>>> tried recently has behaved itself.
    >>>
    >>> Paul
    >>>

    >>
    >> Thanks,
    >> Well I have been down to the computer store and they had no 99p
    >> cables as advertised online, something that looked a bit fishy anyway as
    >> the same cable
    >> was also advertised for £3.99 as seen here:-
    >> http://www.pcworld.co.uk/gbuk/searc...xx/sata cable/1_12/price-asc/xx-criteria.html
    >>
    >> No surprise for guessing the real price (£3.99), anyhow there was also
    >> this
    >> http://www.pcworld.co.uk/gbuk/dynam...ide-drive-to-sata-converter-02796375-pdt.html
    >>
    >> Which includes a SATA cable on the back (not shown) and also a power
    >> cable
    >> I was not too sure what it does but it may come in useful, I think it
    >> will convert
    >> my existing (good) IDE drive to a SATA, thus it will do the same for the
    >> bad drive so
    >> it might be interesting to see if connecting it as a SATA improves it's
    >> boot problems.
    >>
    >>
    >> Anyway back to the new cable, that worked fine and the drive was detected
    >> in the BIOS
    >> at boot .Windows did want to check it for errors, which it did and found
    >> none. I assume/hope it
    >> won't want to do that every boot time.
    >>
    >> But it's looking pretty good at the moment, I shoud be be able to make
    >> that drive bootable.
    >> It's 500GB, twice the size of the bad drive and 6 times the size of this
    >> 80gb drive.
    >> So I will have to decide how to partition it, there is room for an extra
    >> partitionon it,
    >> so maybe I could have LINUX on it as well or whatever.
    >> It also should be faster, at least faster than this one.
    >>
    >> I tried a bennchmark on it with ND tune and it started at doin 60mb/s an
    >> dropped off
    >> to 40mb/s a the end. I also ran it on this old drive t compare and it
    >> started at 55mb/s
    >> and dropped down to 30mb/s so maybe not much fasster, however within that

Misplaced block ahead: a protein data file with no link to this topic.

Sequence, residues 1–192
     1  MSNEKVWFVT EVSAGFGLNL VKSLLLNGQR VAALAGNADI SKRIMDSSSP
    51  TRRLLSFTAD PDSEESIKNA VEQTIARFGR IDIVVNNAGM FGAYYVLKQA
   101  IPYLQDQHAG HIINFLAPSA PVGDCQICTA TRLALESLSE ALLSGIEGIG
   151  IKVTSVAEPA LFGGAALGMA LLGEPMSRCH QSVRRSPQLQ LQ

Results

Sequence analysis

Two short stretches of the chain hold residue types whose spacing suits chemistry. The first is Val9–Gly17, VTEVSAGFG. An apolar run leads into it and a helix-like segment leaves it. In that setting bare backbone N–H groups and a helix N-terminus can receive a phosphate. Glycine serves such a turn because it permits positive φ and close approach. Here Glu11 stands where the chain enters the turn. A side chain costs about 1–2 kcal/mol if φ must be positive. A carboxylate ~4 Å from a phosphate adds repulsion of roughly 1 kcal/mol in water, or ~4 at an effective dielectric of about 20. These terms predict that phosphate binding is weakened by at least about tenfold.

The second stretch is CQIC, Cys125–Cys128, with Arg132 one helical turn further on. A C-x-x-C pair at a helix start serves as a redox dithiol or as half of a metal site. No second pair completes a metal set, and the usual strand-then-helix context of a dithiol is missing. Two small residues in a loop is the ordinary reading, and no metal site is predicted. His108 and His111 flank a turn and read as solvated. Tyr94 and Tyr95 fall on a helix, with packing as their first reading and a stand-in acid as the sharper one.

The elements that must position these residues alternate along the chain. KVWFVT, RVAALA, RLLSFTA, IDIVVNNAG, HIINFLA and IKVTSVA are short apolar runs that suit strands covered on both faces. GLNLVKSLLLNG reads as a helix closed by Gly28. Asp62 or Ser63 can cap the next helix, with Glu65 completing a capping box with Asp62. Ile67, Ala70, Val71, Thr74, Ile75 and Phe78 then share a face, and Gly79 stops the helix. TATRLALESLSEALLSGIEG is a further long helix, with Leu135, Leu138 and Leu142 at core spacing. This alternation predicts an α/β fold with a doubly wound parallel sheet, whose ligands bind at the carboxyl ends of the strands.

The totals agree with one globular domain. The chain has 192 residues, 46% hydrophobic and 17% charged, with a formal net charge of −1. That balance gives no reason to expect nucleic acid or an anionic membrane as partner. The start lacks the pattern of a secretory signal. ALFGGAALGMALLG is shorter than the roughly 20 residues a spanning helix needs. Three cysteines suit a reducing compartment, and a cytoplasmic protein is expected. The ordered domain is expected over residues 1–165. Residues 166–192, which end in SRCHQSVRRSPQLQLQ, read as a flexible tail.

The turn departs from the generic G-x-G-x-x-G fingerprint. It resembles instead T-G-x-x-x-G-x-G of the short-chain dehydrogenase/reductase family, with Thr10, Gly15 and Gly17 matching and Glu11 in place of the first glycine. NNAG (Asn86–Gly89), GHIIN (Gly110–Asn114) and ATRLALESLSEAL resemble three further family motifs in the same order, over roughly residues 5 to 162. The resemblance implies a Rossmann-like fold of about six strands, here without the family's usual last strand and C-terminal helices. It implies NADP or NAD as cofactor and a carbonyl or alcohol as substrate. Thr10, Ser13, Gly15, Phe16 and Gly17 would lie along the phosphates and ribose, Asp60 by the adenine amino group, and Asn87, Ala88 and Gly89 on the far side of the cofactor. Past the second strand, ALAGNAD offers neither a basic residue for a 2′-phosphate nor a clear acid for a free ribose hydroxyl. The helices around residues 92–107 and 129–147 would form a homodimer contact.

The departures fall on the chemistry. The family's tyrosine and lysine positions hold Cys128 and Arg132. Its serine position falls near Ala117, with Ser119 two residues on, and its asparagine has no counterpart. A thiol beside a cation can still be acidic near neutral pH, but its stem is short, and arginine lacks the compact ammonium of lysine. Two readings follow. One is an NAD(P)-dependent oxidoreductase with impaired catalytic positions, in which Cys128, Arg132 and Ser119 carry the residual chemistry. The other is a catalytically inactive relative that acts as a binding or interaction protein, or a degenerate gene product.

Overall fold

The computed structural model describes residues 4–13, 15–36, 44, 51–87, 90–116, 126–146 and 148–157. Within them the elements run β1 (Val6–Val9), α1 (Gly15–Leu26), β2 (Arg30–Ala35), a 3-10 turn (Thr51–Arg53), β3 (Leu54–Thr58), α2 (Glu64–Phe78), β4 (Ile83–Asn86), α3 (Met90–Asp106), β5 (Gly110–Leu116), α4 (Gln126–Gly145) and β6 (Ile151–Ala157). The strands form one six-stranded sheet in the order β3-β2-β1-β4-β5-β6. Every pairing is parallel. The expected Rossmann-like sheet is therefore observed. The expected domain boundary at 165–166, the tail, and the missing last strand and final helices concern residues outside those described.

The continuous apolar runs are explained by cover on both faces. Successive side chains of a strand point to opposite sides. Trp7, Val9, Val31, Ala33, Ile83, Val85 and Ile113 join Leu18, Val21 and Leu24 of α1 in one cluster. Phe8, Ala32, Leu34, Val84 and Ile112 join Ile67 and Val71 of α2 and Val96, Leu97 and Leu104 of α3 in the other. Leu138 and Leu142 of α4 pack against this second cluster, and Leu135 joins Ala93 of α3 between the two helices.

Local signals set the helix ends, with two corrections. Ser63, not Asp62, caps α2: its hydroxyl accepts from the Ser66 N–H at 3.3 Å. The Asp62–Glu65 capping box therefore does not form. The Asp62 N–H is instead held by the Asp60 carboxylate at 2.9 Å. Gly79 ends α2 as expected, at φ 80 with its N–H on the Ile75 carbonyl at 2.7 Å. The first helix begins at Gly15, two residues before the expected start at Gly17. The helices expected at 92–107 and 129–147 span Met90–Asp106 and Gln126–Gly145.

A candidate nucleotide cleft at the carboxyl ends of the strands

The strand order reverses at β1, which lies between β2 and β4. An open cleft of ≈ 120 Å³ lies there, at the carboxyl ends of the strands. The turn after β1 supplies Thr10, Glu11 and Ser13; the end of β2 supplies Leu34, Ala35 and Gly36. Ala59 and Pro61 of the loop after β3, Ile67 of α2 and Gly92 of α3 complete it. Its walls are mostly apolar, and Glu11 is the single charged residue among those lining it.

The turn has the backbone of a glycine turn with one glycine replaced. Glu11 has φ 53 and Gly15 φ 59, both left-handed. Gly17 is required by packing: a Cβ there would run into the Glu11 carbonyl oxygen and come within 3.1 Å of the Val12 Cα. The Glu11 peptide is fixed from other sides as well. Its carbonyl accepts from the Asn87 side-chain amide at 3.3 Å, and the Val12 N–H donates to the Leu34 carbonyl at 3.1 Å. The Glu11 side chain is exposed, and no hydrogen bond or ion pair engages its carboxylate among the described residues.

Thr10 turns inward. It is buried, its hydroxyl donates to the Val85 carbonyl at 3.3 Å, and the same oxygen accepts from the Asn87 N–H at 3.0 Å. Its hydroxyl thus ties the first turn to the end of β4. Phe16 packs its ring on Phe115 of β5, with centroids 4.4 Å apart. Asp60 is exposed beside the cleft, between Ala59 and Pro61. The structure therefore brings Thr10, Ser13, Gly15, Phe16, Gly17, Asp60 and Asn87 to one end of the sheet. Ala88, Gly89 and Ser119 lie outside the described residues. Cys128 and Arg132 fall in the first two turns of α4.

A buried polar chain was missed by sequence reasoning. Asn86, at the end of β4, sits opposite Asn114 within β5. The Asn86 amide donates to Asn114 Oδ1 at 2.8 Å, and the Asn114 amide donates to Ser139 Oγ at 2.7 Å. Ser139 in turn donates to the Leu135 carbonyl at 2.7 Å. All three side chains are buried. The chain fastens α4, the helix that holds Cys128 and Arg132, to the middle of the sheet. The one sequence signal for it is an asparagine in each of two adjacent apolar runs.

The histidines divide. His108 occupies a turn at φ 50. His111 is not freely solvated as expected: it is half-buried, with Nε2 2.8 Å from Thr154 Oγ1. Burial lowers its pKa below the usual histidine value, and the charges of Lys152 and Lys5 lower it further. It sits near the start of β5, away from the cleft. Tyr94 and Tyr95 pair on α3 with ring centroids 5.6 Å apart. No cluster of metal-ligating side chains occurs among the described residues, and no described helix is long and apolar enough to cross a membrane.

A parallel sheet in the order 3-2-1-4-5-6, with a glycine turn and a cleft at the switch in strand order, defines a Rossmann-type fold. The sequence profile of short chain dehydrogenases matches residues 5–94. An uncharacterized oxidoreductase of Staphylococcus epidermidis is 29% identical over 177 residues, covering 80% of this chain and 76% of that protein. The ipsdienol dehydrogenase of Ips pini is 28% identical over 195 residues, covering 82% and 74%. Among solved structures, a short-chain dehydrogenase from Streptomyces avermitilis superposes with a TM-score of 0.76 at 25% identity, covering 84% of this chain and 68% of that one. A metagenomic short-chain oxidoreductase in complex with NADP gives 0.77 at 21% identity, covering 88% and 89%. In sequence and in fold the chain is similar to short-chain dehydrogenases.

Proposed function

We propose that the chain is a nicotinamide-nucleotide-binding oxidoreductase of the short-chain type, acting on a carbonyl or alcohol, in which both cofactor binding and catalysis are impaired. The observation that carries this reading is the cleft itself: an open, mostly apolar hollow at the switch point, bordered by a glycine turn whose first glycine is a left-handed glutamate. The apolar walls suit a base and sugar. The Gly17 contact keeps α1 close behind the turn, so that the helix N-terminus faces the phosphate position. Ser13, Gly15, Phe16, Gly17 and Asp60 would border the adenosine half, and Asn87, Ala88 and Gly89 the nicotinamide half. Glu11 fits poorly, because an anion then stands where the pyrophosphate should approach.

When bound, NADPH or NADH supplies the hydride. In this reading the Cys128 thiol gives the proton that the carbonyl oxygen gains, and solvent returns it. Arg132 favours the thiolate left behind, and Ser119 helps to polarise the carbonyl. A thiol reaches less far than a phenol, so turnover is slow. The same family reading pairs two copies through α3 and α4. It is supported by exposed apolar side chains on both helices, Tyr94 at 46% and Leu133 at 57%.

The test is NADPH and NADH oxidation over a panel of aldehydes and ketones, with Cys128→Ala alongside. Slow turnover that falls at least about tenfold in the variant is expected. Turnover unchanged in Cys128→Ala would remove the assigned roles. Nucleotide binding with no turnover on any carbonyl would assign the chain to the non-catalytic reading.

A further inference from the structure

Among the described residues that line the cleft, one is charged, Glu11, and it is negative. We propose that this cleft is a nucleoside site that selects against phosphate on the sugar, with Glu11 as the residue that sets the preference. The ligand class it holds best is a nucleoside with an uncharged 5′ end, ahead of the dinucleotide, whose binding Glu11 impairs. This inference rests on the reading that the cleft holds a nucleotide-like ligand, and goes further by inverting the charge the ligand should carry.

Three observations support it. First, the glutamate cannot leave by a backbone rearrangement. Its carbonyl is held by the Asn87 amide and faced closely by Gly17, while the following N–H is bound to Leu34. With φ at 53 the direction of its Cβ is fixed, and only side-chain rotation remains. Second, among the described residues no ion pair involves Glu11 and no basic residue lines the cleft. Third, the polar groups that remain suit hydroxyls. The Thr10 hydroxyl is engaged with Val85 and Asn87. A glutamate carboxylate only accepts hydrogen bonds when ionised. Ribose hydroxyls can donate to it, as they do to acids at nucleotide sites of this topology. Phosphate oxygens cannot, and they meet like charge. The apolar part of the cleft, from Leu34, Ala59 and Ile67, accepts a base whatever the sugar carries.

>> the speed
    >> dropped dramattically a few time, perhap because it was in use elsewhere,
    >> I wil have to check up on that
    >> as it might be problem. (but probably not).

    >
    >
    > I will have to check those benchmarks, the speeds do not look that slow,
    > it's just that
    > the old drive appeared to be faster than it had been in the past hence the
    > 500GB drive
    > may not be slow afterall.
    >
    > Iknow I reported in an earlier post that a copy fI did from the 80gb to
    > the 250 gb
    > works out at 25 megabytes/s which is slow in comparison, but then wiith it
    > being a wrtie
    > you woudl expect that.
    >
    >
    > i alos have these results with
    > http://crystalmark.info/?lang=en
    > 500gb internal drive
    > read write
    >
    > seq 76.17 73.63 (MB/S)
    > 512k 34.48 43.64
    > 4k 0..503 1.301
    > 4k qd32 0.575 1.288
    >
    >
    >
    > 250gb external drive (the bad drive in an enclosure) or was it the 80GB
    > internal drive?
    > I think it was the 80GB internal drive actually, but I was also running a
    > drive scan on it at the same
    > time so not a very good test realllly!!
    > read write
    > seq 36 30 (MB/S)
    > 512k 19.78 16.92
    > 4k 0.300 0.705
    > 4k qd32 0.497 0.691
    >
    >
    >
    > I will have to repeat the test under better conditions.
    >


    http://www.tomshardware.com/charts/...08/Average-Read-Transfer-Performance,658.html

    Some benchmarks above, oneis for the bad drive, which comes in at 58MB/S
    So the 500GB drive may infact be a bit faster, which is what I expected as
    it is a newer drive.


    >
    >
    >
    >>
    >> I got the faulty SATA cable form here.